Seamless view Carousel

Pascal Boelck
Nov 20, 2021 · 8 min read

Hello everybody,

In this article, I will show you my implementation of a seamless View Carousel which can be used with all kinds of views.
There are a few key steps that we need to implement in order for this feature to work, such as positioning the views, reacting to user gestures, and adding the carousel behaviour. Finally, we also require fixing issues that could arise on iPads with the multitasking feature.

Step 1:

View positioning

The simplest step is to position all the views, for this we use a HStack and a simple foreach loop. These features may be pretty self-explanatory, but to go into a bit more depth here: the variable itemsCount is the number of views inside the view array. Feel free to add spacing between the individual views in the HStack via parameter if your design feels a bit squashed.

Step 2:

Positioning all the views

Initially we should know which views should be displayed in which order. Once we know this, we can calculate the width of our rotation view. This will be our pageWidth variable. Additionally, we also require the padding for all the views, which will be stored in our contentWidth variable.. The contentWidth is needed in order to determine the offset within the ForEach loop.
Now we are ready to position the first view. The formula is (pageWidth — tileWidth — tilePadding * 2) / 2 + tilePadding. The result of the value will be stored in the variable leadingOffset.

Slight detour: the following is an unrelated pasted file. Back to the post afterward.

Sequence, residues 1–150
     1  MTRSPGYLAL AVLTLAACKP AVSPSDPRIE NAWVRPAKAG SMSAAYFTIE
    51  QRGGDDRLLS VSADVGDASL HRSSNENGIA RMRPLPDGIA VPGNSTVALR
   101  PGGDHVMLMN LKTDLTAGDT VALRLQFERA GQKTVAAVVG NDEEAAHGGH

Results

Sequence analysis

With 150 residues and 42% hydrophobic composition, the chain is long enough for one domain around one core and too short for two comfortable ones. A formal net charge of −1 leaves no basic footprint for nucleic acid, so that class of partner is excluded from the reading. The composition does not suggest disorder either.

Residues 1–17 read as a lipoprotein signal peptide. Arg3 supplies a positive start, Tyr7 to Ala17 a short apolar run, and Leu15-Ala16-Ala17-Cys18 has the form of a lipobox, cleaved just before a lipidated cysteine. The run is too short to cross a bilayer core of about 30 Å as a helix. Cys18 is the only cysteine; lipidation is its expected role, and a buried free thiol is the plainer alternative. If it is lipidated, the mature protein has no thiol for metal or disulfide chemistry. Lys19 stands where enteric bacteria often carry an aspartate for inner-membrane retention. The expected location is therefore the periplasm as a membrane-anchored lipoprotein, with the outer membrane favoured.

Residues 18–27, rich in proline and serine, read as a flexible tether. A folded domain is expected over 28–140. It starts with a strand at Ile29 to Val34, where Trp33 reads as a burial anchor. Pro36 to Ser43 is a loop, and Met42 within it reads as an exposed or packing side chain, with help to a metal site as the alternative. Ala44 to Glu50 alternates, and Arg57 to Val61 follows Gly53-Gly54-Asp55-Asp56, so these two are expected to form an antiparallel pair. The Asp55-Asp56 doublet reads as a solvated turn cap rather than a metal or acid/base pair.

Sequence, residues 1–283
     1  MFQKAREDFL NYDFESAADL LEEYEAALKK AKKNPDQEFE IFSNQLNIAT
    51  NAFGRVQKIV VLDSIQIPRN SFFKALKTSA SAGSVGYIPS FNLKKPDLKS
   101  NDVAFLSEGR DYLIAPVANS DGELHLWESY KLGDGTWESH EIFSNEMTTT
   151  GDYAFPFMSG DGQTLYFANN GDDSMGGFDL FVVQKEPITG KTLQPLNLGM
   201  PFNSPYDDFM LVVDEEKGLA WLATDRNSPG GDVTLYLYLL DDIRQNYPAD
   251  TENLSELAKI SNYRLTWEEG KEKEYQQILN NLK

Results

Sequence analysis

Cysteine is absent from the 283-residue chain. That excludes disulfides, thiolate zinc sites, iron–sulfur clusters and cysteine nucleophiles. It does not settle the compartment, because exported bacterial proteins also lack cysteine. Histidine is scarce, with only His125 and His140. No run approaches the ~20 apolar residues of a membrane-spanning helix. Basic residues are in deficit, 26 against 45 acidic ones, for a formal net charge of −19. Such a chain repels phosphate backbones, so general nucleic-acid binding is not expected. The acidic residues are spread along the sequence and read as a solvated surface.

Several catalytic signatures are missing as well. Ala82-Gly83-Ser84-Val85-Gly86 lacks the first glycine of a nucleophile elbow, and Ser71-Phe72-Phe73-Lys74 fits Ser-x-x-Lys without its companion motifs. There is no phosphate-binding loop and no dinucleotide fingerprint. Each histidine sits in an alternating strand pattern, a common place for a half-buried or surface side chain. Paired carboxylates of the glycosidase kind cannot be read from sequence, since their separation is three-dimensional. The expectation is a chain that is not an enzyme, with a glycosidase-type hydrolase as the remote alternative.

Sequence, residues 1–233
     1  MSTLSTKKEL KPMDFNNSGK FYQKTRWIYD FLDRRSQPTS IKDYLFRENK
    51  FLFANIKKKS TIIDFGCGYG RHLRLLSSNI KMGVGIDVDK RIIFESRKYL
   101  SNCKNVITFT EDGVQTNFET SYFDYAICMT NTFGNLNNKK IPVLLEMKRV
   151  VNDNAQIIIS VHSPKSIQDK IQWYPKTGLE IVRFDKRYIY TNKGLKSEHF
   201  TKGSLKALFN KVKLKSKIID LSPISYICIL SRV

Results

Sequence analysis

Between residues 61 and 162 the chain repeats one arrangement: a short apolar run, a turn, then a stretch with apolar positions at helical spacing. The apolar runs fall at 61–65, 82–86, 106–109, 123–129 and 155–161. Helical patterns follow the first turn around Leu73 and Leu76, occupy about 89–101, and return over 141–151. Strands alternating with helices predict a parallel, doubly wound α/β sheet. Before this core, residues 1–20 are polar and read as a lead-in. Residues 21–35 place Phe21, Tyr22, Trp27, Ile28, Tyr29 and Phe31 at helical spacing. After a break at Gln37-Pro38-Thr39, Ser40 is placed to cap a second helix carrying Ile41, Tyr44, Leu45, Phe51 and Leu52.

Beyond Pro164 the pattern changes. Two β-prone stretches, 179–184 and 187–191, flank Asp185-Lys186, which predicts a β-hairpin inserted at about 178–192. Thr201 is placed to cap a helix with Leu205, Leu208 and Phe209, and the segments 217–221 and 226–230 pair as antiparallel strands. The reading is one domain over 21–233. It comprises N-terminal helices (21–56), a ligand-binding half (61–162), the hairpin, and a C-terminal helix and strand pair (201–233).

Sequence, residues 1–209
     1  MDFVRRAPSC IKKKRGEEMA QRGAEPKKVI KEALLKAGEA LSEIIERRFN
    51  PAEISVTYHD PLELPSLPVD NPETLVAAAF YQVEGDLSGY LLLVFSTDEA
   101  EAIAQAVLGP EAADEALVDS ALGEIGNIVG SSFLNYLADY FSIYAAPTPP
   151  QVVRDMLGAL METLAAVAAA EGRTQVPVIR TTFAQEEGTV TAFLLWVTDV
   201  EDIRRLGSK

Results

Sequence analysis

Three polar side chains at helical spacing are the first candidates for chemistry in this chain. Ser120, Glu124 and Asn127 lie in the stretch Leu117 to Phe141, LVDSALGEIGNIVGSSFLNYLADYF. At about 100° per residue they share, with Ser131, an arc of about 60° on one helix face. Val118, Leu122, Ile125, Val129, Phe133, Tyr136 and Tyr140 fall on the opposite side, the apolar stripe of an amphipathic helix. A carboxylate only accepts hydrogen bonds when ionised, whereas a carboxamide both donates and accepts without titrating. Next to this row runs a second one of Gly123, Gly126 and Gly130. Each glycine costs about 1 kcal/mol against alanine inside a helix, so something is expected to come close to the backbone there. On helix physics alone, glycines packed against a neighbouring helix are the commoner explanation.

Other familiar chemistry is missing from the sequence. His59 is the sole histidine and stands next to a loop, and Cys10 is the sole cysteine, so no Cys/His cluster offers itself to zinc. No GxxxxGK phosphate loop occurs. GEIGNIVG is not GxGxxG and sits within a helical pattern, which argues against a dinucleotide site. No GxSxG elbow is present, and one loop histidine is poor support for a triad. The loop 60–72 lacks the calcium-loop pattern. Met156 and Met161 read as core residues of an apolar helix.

It is also necessary to determine and set the offset for the stack of the views in the center position. For that we have to use this formula (contentWidth — pageWidth — tilePadding) / 2 which will be stored in the stackOffset variable.
The last variable that we require is the currentScrollOffset to position the selected view. This variable can be zero at the beginning.
I opted to perform these initial calculations within the initializer.

After the initialization of all the variables, we have to create a function to calculate the position of the selectedItem. The name of the function is offsetForTileIndex.

Now that we are done with the calculations, we can position the views..
The views inside the Foreach get the offset out of the currentScrollOffset variable, While the Stack of the views gets the offset out of the stackOffset.

You might be asking yourself, “when do we set the currentScrollOffset variable?!” Good question. We do this in the onAppear ViewModifier. This is also the place into which we pass the global int Binding variable, which was mentioned in the initializer code snippet.

Note
If you want to create a vertical rotation, you have to change the offset values. This can be achieved by simply switching the x and y values.
Don’t forget to change the HStack into a VStack.

Step 3:

Response to swipe gesture

Before we start the implementation of the gesture, we add almost transparent background to the body. This allows us to recognize the swipe gesture even when the background is transparent.

We add the ViewModifier simultaneousGesture behind the background ViewModifier with DragGesture as the parameter. The DragGesture provides some functions to detect the position of the swipe gesture. First, let us concentrate on the onEnded function. The goal is to determine the selectedItem after the user lifts the finger. We use the property $0.predictedEndTranslation.width inside the onEnded function for this, and pass the sum of this value along with the currentScrollOffset to a new indexViewForOffset function.